It becomes increasingly difficult with each passing autumn not to sympathize more and more with the Grinch, Dr. Seuss' green-furred grump who cannot abide Christmas.
In this totally uncalled for and entirely superfluous big-screen adaptation of the classic picture book, he is annoyed by nonstop holiday songs on the radio and aggressive carolers who stalk him on the streets of Whoville. And as for the latter, at least, he's clearly in the right to be cheesed off.
But at least the story of The Grinch begins on Dec. 20. It's legitimately Christmastime. Imagine if the Grinch lived in a world in which aggressive Christmas cheer was foisted upon him in early November, with manufactured corporate entertainment carefully constructed for maximum Yuletide blingy-ness and minimal actual impact.
This new Grinch, you see, appears to have been deliberately designed to be instantly forgettable, with all the disturbing rough edges of Dr. Seuss' story and illustrations ironed out. The Christmas curmudgeon here is almost cuddly, more Oscar the Grouch than truly grinchy, and his dog, Max, isn't the mangy cur of Seuss but a happy, well-cared-for canine companion.
Benedict Cumberbatch's voice is unrecognizable as that of the Grinch, and he may be the best and only memorable thing about this relentlessly mediocre endeavor: He's actually trying to do something fresh, and succeeding. But then again, would the submerged sweetness Cumberbatch brings out truly be appropriate to a Grinch who hadn't been softened? It doesn't feel as hard won when his heart grows three sizes.
Oh, the Grinch still hates Christmas, and still vows to ruin the holiday for the people of Whoville by pulling a reverse Santa on Christmas Eve and stealing all their presents and decorations. But the movie's heart is less in it than the Grinch's is. Perhaps it's inevitable in trying to pad out a short picture book to feature length, but the backstory for the Grinch's meanness concocted here is pretty halfhearted: The Grinch was turned off to the holiday as a child when he was ignored and left alone in the Whoville orphanage at Christmas... which actually doesn't make sense, seeing as the Whos, aggressive caroling aside, are genuinely nice and kind. (This backstory also fails to answer the unasked but obvious question: Just what is the Grinch, anyway? An alien? Why is he the only one of his kind?)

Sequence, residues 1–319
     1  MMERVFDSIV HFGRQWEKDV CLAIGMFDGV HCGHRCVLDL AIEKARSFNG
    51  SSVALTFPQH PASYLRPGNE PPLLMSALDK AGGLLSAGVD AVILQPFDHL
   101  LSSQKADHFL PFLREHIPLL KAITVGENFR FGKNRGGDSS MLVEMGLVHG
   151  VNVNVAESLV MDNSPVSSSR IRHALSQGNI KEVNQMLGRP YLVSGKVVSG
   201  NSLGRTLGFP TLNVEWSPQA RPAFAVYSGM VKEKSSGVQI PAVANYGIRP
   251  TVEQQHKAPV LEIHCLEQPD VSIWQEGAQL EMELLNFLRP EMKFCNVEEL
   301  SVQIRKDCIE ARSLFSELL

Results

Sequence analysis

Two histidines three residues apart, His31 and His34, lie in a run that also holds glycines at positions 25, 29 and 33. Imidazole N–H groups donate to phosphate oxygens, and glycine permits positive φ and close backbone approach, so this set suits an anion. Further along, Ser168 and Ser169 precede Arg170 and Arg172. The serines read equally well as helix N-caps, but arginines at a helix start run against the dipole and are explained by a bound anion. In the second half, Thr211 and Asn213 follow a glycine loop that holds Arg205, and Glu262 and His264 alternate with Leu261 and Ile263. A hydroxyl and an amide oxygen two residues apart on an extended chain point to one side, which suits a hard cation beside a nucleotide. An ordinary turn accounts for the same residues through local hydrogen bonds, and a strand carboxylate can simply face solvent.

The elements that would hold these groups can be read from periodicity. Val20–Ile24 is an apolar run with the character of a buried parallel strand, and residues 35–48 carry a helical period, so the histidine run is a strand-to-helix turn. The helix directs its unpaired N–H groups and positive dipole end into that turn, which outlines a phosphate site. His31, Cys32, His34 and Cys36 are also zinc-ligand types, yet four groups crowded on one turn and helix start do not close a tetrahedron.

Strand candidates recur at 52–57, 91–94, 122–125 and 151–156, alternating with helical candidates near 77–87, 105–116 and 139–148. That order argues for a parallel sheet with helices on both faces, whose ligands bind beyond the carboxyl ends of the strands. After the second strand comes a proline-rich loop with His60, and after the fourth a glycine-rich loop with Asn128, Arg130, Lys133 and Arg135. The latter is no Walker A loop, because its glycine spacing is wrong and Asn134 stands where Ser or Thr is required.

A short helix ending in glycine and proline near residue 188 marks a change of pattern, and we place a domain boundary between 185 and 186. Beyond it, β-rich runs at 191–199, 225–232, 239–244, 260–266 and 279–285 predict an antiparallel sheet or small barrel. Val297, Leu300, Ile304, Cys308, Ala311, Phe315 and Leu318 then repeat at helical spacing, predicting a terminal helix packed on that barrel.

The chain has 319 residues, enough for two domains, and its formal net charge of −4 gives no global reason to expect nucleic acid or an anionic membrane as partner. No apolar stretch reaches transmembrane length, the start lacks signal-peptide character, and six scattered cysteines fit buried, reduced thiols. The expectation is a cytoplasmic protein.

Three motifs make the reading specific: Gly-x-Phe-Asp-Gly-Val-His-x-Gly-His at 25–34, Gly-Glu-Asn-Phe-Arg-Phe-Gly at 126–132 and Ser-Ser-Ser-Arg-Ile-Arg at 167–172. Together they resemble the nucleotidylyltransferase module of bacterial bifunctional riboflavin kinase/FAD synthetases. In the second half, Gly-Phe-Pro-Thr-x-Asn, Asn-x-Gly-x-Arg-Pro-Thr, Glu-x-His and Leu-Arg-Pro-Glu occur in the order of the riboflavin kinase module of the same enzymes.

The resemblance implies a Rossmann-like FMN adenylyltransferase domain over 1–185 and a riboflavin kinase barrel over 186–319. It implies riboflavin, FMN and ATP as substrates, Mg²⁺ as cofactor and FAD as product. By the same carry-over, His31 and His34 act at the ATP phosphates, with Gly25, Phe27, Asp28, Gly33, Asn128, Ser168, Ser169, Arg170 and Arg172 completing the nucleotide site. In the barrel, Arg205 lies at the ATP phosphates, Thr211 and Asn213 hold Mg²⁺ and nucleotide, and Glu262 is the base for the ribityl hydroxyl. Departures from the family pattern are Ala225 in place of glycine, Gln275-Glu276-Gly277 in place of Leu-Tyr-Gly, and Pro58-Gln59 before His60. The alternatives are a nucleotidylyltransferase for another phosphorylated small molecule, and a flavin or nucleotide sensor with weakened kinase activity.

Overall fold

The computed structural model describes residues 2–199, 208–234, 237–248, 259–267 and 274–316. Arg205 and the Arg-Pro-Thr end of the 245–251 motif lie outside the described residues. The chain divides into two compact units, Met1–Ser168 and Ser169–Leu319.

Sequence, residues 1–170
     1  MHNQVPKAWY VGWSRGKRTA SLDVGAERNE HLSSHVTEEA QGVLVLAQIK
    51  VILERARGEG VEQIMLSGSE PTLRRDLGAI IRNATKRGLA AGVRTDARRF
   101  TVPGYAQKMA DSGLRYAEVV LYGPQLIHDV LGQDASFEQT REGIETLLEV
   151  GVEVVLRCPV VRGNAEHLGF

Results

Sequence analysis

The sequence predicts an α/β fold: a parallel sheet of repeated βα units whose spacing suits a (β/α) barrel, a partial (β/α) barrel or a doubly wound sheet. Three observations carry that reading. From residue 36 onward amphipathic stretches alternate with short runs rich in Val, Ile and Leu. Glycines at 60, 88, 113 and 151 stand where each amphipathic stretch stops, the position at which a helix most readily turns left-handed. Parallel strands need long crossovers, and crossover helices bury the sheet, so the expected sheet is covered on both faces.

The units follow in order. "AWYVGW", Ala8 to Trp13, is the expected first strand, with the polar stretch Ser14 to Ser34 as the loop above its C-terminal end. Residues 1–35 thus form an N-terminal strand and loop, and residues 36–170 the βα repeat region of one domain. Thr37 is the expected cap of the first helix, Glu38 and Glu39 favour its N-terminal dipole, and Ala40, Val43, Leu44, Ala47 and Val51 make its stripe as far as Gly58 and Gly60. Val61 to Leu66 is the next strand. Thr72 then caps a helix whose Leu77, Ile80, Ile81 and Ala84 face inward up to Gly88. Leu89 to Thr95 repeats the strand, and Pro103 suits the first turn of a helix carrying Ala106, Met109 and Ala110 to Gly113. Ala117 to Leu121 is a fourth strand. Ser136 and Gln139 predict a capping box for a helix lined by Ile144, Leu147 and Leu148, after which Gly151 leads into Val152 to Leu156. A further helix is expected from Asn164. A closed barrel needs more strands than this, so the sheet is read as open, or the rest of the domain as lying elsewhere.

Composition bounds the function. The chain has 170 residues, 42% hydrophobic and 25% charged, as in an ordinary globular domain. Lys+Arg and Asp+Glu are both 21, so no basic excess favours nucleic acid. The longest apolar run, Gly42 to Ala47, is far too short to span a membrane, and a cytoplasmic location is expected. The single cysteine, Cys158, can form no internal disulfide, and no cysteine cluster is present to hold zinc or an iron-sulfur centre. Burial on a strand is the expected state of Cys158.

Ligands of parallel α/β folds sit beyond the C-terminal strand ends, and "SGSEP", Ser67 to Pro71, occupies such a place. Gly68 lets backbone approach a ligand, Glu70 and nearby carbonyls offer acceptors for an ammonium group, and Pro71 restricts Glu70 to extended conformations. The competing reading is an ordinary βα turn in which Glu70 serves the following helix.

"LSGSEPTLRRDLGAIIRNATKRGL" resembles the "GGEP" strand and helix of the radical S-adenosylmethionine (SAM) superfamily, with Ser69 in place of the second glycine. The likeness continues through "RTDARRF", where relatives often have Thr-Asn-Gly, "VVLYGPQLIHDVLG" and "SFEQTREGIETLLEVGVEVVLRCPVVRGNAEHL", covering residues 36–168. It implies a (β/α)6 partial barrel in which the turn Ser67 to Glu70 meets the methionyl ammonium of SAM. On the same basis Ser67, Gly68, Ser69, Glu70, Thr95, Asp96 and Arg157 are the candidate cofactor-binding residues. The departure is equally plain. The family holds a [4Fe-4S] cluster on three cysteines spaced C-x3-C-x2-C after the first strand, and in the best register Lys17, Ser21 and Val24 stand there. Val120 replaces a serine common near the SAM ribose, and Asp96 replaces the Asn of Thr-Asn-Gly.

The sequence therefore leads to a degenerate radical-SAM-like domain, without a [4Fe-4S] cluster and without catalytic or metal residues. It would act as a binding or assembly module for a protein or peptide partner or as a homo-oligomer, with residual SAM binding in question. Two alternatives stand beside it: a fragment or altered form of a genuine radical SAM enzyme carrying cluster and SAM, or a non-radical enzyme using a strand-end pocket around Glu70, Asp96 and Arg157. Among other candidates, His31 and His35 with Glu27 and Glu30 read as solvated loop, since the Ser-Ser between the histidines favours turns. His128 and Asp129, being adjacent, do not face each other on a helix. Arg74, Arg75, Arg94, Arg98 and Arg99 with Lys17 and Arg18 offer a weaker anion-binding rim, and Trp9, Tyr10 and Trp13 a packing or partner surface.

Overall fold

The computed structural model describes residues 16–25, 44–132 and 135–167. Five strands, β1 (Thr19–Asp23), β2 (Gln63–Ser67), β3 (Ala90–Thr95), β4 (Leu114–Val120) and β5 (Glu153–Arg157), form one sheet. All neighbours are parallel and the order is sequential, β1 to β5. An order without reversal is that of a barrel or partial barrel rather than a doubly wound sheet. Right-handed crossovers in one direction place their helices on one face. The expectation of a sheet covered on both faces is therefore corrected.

Even when life isn't perfect in Whoville, it's still pretty darn lacking in conflict. The biggest expansion to the story is the subplot in which Cindy Lou Who (the voice of Cameron Seely) wants to ask Santa to bring her mother, Donna Lou Who (Rashida Jones), something nice, because she's always doing things for other people. This will set Cindy Lou on a Christmas Eve encounter with the Grinch-as-Santa, and her kindness will help to soften his heart. But Mom Who is honestly doing just fine; it's never mentioned what happened to Cindy Lou's father.
If it's all too mild, we can at least give thanks that there was no attempt to push this story in the direction that Ron Howard's appalling 2000 live-action How the Grinch Stole Christmas took, turning the Whos of Whoville into materialistic monsters, selfish and greedy, and turning the Grinch's childhood into a nightmare in which he was subjected to actual cruelty and neglect. Maybe this simply is a story that shouldn't be attempted at feature length. Some questions are better left unanswered.
Mostly what we get here is candy-colored slapstick and affable action sequences — see Cindy Lou racing through the snowy streets of Whoville to catch the mailman to deliver her letter to Santa! — and gentle, kindergarten-level humor: Behold the Grinch in his tighty-whiteys! It's perfectly suitable for small children, and perfectly bland and inoffensive to the adults accompanying them. But somehow, I don't think Dr. Seuss would entirely approve.♦
DR. SEUSS' THE GRINCH
Directed by Yarrow Cheney, Scott Mosier
Starring Benedict Cumberbatch, Rashida Jones, Kenan Thompson, Angela Lansbury